CTV in November 2008 reported that Martin would be a member of a four-person council of economic advisers to a hypothetical coalition government formed by the Liberals and the NDP if they succeed in toppling the Harper government.However, the proposed coalition ending up came to nothing, as outgoing Liberal leader Stéphane Dion was immediately forced out and replaced by Michael Ignatieff, who quickly distanced the party from the coalition.
Martin published his memoirs, entitled Hell Or High Water: My Life In And Out of Politics (ISBN 0771056923), in late 2008. The book, published by McClelland & Stewart, draws heavily upon interviews conducted by Sean Conway, a former Ontario Liberal provincial cabinet minister, which were carried out for the Library and Archives Canada.
Martin is chair of the Congo Basin Forest Fund, addressing poverty issues in a ten-nation region in Africa. Since his retirement from politics, he has been an adviser to the International Monetary Fund, and to the Coalition for Dialogue on Africa. He also works with the Martin Aboriginal Educational Initiative, which assists First Nations youth.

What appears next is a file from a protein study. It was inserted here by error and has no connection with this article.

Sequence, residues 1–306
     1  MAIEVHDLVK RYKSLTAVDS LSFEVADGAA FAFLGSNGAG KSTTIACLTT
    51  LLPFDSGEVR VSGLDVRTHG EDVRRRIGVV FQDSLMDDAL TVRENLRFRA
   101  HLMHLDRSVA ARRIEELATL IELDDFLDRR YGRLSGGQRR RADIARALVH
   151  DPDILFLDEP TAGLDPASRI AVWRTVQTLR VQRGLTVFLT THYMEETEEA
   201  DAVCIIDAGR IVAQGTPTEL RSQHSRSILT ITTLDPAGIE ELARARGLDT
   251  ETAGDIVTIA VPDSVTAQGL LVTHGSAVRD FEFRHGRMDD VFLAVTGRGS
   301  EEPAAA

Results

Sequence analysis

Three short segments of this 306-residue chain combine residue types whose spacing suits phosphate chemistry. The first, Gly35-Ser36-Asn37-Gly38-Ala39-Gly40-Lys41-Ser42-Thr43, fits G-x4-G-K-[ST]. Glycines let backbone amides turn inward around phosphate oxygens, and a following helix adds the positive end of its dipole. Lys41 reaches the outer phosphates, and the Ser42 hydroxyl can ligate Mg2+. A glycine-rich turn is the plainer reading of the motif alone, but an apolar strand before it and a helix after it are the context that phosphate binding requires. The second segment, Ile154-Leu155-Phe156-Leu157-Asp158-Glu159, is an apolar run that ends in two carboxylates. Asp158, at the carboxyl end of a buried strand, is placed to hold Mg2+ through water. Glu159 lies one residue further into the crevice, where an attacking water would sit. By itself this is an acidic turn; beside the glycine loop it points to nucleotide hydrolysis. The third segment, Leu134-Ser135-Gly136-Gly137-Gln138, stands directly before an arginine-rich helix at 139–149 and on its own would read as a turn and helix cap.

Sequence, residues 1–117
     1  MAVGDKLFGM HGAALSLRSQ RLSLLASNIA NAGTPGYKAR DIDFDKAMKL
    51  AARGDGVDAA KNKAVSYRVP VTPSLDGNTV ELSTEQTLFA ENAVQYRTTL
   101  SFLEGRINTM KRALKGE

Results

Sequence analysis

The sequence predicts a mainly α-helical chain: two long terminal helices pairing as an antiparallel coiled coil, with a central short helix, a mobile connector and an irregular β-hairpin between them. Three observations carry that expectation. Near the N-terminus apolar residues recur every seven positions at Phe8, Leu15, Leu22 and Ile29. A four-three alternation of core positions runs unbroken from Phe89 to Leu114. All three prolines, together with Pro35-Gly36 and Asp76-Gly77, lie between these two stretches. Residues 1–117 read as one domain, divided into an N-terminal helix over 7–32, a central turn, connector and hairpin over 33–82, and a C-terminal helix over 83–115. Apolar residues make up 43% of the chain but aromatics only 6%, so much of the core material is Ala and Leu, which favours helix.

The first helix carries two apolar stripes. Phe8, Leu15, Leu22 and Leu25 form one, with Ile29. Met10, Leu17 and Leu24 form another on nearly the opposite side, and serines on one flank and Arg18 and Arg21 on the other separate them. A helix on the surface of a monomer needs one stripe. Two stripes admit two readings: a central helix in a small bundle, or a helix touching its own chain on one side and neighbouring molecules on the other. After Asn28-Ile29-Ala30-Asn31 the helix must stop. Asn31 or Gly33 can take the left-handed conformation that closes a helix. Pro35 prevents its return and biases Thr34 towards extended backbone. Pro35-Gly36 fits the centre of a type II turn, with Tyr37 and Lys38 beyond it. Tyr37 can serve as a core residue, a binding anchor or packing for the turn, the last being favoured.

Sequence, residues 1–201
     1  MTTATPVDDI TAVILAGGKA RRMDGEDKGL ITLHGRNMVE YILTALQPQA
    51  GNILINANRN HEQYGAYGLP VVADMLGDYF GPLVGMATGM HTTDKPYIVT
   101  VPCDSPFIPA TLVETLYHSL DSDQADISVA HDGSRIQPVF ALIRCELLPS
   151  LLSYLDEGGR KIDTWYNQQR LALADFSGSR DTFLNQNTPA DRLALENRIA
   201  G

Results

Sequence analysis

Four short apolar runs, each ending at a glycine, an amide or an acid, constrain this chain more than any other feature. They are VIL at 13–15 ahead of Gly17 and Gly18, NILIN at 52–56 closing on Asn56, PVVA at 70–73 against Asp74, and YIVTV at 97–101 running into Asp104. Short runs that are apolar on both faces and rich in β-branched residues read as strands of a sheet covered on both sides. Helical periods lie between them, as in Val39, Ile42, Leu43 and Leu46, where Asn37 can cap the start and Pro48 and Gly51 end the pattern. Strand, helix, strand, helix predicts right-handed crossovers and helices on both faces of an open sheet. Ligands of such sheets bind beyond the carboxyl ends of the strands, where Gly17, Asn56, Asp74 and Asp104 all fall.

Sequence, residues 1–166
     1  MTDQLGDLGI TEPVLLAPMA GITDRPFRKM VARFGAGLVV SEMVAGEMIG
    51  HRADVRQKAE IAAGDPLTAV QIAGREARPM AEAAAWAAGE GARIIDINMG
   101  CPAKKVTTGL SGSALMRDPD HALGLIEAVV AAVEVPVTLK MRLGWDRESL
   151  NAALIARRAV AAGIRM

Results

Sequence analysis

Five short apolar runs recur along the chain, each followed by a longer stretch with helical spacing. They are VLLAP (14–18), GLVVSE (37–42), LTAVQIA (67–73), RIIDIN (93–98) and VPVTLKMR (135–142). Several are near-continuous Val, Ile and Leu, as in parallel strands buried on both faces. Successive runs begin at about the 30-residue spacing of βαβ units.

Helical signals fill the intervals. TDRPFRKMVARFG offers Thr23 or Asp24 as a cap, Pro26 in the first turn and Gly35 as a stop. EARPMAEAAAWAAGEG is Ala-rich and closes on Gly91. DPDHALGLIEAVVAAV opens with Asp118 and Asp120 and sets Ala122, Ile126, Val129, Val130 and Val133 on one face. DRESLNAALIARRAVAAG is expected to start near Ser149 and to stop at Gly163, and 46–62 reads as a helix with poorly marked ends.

Paul Edgar Philippe Martin (né le 28 août 1938 à Windsor, Ontario) est un homme politique canadien. Il a été premier ministre du Canada du 12 décembre 2003 au 6 février 2006.
Né à Windsor, en Ontario, le jeune Paul Martin est marqué par les campagnes électorales de son père, parlementaire et membre du gouvernement libéral sous quatre Premiers ministres différents. Après des études de philosophie, d’histoire et de droit à l’université de Toronto, il est reçu au barreau de l’Ontario en 1966, mais entreprend finalement une carrière dans les affaires au sein d’une société d’investissement basée à Montréal (Power Corporation du Canada). En 1968, il s’offre une parenthèse politique de quelques mois pour diriger la campagne de son père, engagé pour la deuxième fois dans la course au leadership du Parti libéral canadien (PLC). De retour aux affaires, il prend la direction de la Canada Steamship Lines, une compagnie de transport maritime, qu’il rachète en 1981 — et dont il transmet la gestion à ses fils en 2003.
En 1988, les libéraux sont dans l’opposition et en quête de nouvelles personnalités. Sur les conseils de son père, Paul Martin se présente dans la circonscription de LaSalle-Émard (Montréal) et entre à la Chambre des communes. Quand John Turner abandonne la direction du parti l’année suivante, Paul Martin se présente à sa succession et termine deuxième derrière Jean Chrétien, qui lui confie la rédaction de son programme électoral en vue des prochaines législatives.